Expressing concession and contrast

August 14, 2013pdf

The same sentence showing concession or contrast can be expressed in several different ways.

Study the examples given below.

  • She is pretty. She is not popular with men.

The two sentences given above express contrasting ideas. We can connect them in several different ways.

Using though and although

Both though and although have the same meaning. They can both be used to connect these two clauses.

  • Although she is pretty, she is not popular with men.
  • Though she is pretty, she is not popular with men.

As and though

As and though can be used in a special structure after an adjective or adverb. In this case, they can both mean ‘although’, and suggest an emphatic contrast.

  • Pretty though she is, she is not popular with men.
  • Pretty as she is, she is not popular with men.

Using all the same and at the same time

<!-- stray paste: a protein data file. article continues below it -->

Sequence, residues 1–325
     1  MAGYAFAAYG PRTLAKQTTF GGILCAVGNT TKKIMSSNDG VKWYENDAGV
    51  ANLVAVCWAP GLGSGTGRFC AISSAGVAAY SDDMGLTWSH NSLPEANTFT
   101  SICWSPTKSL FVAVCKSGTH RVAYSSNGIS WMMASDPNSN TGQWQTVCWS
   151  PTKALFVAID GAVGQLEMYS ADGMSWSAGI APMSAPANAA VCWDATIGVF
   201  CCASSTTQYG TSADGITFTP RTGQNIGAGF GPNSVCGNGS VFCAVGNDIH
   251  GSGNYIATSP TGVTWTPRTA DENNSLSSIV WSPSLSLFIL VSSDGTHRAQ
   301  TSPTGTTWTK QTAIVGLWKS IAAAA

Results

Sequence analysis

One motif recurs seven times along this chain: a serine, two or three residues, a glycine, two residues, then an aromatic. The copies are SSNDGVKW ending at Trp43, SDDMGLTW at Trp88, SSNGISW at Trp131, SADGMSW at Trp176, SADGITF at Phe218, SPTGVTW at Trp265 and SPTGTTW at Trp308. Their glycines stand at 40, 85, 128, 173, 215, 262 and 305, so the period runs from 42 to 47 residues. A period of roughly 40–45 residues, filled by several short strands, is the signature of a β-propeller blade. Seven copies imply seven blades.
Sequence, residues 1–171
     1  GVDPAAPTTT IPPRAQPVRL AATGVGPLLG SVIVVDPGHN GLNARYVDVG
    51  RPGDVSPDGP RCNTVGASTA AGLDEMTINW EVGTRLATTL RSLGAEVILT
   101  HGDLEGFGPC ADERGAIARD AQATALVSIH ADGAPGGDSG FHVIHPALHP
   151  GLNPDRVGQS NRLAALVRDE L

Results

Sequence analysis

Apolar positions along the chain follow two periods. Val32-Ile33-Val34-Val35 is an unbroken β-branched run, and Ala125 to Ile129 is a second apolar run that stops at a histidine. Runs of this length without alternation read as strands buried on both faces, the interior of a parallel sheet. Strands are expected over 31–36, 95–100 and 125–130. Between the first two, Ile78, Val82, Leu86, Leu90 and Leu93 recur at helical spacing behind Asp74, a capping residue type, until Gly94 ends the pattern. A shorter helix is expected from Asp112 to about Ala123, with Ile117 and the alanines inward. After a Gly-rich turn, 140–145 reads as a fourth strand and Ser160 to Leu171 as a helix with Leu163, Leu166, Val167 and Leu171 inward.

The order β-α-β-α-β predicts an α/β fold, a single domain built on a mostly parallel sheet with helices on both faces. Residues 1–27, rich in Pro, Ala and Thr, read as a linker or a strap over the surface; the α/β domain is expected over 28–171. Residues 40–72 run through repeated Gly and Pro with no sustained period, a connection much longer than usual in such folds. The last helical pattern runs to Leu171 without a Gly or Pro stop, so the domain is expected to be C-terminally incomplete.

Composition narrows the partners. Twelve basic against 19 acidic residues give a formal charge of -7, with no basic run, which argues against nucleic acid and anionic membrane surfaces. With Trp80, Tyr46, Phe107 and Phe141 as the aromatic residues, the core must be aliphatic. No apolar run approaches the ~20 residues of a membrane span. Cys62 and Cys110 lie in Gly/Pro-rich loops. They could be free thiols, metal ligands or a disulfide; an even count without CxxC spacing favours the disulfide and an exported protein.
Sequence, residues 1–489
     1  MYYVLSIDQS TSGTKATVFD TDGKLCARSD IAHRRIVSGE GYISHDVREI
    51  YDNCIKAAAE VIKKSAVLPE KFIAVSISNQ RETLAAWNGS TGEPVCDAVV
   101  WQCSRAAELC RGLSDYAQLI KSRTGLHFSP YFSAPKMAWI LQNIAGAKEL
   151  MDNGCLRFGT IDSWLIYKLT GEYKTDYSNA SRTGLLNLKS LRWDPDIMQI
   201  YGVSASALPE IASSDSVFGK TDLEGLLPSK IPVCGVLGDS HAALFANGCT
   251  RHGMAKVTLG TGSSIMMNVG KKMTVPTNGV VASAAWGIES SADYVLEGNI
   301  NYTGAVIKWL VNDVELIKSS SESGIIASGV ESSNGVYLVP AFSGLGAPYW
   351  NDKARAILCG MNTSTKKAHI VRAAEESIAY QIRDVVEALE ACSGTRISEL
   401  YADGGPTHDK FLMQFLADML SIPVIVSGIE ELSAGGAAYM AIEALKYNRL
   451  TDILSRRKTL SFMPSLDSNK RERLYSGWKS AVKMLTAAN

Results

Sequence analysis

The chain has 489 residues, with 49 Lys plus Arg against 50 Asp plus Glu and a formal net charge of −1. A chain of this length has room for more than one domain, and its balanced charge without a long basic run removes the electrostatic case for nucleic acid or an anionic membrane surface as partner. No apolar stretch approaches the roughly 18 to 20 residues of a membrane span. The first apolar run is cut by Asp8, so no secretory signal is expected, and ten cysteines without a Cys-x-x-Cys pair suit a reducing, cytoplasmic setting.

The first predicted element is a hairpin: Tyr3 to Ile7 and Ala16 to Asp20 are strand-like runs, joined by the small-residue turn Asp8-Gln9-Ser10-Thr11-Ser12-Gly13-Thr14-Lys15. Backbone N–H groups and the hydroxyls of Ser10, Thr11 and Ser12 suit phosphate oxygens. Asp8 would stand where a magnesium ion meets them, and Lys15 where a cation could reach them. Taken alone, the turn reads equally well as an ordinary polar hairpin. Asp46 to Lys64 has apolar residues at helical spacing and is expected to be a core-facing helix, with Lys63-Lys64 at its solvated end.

These are discourse markers used to suggest that the second statement contrasts with the first. Note that a discourse marker does not connect two clauses. They merely show how the ideas are related. In writing, we separate the two clauses with a semicolon. A full stop is also possible.

  • She is pretty; all the same, she is not popular with men.
  • She is pretty; at the same time, she is not popular with men.

Using nonetheless, however and nevertheless

These are also discourse markers and cannot connect two clauses.

  • She is pretty; nonetheless, she is not popular with men.
  • She is pretty; however, she is not popular with men.

Using in spite of and despite

In spite of and despite are prepositions.

  • She is not popular with men in spite of being pretty.
  • She is not popular with men despite being pretty.

Note that after in spite of and despite we use a noun or an –ing form.

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